Columnists

We must curb post-harvest losses and waste to achieve food security

Maize

Kenya needs a maize production masterplan to wean itself off imports. PHOTO | JARED NYATAYA | NMG

In recent national television footage, farmers in Nyandarua County are seen feeding fresh cabbages to their livestock because they have no market for their produce.

In the news bulletin of another television station, you see harrowing pictures of fellow citizens in drought-stricken counties.

This is the paradox of Kenya’s food system; wasteful surpluses in one corner and hunger in another.

According to the Food and Agriculture Organization (FAO), roughly one-third of food produced for human consumption is lost or wasted globally, which amounts to about 1.3 billion tons per year.

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In developing countries, food losses occur in the production chain, hitting smallholder farmers the hardest.

The FAO estimates that 30-40 per cent of total production can be lost before it reaches the market, due to challenges ranging from improper use of inputs to lack of proper post-harvest storage, processing, or transportation facilities.

These losses can be as high as 40-50 per cent for the more perishable crops such as root crops, fruits and vegetables.

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Understandably, the Kenyan government is focusing on increasing food production but there should be an attendant effort to address post-harvest loss and waste.

There seems to be no strategy for surplus food during periods of glut, and this food is either wasted or bought on the cheap by brokers at the disadvantage of farmers.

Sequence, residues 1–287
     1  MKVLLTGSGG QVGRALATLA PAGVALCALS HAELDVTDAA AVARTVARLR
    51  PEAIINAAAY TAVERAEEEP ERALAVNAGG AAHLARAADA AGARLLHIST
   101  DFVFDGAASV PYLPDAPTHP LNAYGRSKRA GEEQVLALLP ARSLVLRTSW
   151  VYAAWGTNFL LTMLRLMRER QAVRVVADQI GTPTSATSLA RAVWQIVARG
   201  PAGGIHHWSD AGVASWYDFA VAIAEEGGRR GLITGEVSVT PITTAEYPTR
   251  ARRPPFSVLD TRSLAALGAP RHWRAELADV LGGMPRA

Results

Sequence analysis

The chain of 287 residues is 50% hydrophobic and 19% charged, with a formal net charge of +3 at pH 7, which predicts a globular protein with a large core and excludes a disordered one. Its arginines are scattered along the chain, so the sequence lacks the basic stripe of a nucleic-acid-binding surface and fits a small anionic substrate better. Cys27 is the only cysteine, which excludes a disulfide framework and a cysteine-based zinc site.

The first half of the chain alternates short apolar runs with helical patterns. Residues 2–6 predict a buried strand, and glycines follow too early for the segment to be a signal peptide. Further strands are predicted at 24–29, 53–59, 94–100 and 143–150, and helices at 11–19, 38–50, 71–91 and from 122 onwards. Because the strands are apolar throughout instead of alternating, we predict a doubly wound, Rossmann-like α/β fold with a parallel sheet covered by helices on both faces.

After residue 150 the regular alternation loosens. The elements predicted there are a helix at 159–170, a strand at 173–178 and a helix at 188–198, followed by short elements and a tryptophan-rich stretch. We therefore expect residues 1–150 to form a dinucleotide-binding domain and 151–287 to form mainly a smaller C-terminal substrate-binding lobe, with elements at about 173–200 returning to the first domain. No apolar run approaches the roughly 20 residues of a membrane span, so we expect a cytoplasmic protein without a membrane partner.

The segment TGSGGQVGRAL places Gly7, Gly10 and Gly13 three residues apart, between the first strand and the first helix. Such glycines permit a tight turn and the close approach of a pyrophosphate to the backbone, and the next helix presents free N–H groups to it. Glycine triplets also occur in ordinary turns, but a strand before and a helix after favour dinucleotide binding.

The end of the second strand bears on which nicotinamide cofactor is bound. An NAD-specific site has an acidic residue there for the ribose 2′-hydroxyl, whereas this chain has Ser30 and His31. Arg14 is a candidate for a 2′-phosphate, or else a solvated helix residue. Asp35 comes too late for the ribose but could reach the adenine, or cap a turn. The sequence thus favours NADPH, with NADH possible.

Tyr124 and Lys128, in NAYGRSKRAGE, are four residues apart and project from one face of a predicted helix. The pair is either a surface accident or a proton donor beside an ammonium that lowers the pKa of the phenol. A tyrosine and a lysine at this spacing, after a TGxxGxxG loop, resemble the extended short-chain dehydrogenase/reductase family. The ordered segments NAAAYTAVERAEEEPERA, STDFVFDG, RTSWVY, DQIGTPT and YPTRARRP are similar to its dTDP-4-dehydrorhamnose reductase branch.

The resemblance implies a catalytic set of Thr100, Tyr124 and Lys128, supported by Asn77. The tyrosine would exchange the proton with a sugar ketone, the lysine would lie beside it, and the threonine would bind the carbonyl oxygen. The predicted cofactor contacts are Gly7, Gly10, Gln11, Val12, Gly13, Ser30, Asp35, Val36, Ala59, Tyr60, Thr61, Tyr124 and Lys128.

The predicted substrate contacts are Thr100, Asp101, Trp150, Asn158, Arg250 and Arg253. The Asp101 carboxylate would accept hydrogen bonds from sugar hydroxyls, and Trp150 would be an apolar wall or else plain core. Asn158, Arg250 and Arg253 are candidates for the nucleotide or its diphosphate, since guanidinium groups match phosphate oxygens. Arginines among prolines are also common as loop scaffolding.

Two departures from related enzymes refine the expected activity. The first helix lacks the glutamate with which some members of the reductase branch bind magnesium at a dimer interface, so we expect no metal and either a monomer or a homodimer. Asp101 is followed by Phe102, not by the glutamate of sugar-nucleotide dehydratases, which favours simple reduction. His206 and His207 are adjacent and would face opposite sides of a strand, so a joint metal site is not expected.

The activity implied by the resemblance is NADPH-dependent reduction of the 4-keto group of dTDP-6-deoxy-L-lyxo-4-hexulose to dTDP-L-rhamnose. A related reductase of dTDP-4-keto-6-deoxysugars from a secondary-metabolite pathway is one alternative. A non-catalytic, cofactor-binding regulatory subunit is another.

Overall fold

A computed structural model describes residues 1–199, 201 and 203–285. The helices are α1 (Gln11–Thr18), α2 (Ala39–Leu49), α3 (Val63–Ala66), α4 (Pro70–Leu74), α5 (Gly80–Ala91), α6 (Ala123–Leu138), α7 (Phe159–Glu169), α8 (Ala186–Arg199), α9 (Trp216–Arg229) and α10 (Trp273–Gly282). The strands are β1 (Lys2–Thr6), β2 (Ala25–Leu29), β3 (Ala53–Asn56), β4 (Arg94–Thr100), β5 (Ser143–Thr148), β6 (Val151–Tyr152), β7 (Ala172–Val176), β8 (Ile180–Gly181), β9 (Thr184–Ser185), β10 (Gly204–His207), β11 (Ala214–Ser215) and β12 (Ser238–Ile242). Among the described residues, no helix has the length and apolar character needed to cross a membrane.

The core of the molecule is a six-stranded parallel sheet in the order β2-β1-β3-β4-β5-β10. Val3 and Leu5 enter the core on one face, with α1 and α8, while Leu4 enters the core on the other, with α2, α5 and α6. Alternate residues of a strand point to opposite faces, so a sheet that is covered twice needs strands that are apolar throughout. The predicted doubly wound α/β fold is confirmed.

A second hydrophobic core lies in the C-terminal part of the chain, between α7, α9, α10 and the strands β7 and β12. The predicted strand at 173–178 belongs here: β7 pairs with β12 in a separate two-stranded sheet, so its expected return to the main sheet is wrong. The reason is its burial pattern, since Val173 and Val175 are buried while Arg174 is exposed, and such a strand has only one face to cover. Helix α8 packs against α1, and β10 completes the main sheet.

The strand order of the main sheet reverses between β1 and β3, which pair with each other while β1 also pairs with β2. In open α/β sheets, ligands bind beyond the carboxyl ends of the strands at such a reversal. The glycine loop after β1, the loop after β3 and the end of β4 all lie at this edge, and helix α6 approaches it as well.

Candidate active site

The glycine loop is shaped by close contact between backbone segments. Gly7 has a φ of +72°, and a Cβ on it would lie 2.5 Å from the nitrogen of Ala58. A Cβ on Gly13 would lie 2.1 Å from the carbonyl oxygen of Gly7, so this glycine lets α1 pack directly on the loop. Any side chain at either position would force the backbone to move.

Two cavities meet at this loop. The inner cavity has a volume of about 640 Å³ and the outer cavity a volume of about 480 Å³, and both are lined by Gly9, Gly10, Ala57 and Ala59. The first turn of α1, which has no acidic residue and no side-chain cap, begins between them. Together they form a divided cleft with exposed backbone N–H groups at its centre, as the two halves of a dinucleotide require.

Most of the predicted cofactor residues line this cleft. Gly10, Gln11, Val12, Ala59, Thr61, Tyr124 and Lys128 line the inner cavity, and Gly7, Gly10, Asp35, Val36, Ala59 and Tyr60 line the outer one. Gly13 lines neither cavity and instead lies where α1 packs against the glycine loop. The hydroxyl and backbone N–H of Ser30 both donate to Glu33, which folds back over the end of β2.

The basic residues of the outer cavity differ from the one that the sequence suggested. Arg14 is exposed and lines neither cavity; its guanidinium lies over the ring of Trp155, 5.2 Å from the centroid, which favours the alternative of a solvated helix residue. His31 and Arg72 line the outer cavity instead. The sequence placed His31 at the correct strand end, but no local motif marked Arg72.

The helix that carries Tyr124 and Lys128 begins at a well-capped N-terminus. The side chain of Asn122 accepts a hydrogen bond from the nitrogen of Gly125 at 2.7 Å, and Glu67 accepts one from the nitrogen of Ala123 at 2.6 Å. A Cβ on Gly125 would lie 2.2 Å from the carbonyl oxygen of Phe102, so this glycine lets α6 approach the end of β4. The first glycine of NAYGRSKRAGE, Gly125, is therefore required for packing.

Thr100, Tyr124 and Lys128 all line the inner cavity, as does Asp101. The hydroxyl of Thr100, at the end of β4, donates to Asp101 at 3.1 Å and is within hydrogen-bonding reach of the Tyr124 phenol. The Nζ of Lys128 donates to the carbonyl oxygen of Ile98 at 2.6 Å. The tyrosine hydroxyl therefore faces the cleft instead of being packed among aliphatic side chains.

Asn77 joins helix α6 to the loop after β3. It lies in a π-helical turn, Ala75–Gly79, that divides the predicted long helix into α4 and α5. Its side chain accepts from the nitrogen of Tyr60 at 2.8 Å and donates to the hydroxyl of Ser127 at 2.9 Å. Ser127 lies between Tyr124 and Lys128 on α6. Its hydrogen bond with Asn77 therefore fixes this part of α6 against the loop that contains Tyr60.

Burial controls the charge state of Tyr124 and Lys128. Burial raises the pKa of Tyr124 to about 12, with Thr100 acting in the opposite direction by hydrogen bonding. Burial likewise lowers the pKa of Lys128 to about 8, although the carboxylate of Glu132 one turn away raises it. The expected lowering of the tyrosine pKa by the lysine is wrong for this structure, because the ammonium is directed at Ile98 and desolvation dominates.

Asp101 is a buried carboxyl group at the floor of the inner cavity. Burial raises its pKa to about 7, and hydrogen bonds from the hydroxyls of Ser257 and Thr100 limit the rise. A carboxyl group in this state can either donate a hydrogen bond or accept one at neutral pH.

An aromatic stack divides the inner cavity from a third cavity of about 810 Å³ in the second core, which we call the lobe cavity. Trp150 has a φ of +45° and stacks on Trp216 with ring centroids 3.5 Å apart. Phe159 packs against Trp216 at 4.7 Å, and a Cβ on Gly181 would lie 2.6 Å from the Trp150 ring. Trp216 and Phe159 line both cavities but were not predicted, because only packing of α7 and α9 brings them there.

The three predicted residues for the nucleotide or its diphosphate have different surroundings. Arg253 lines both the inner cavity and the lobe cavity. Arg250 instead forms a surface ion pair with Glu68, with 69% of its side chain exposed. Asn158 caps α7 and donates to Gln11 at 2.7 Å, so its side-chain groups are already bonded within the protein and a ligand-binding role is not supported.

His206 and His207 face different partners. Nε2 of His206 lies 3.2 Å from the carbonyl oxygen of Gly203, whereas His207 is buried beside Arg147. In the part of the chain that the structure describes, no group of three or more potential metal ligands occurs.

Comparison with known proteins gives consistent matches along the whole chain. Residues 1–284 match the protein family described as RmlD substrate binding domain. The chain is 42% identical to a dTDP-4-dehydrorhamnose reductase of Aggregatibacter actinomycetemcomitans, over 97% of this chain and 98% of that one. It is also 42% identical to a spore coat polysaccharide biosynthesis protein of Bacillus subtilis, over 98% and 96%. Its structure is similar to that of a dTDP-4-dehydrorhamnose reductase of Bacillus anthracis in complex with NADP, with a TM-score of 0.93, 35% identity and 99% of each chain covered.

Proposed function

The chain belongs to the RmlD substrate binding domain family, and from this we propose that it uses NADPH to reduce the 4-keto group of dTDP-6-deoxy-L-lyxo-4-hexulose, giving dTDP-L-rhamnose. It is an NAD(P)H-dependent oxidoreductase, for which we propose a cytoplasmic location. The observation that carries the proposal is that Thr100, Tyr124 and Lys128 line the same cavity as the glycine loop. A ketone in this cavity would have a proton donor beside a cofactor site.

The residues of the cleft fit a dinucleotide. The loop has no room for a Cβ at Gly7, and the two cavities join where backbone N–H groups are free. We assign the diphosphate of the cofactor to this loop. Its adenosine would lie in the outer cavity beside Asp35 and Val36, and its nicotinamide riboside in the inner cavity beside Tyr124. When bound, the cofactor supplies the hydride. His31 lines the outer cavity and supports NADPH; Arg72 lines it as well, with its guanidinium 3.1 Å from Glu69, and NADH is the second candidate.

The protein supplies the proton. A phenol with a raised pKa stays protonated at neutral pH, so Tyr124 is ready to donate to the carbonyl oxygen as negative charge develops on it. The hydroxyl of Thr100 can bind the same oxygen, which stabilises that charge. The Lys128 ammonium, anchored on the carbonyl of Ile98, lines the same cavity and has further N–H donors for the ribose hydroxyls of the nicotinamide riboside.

Not addressing productivity and post-harvest waste concurrently is akin to trying to fill a water reservoir using a leaky pipe; it will take much longer to fill, and you waste the resource in the process.

Food losses represent a waste of resources used in products such as water, land, inputs and energy. Producing food that will not be consumed leads to unnecessary carbon dioxide emissions in addition to the loss of economic value of the food produced.

Further, failure to comply with minimum food safety standards can lead to food losses and, in extreme cases, impact the food security status of a country.

A range of factors can lead to food being unsafe, such as naturally occurring toxins in food, contaminated water and food, unsafe use of pesticides, and veterinary drug residues.

Poor and unhygienic handling and storage conditions, and lack of adequate temperature control, can also cause unsafe food.

It is critical that our policymakers recognise that increasing food production and minimising food losses and waste must go together for an effective and sustainable food security strategy.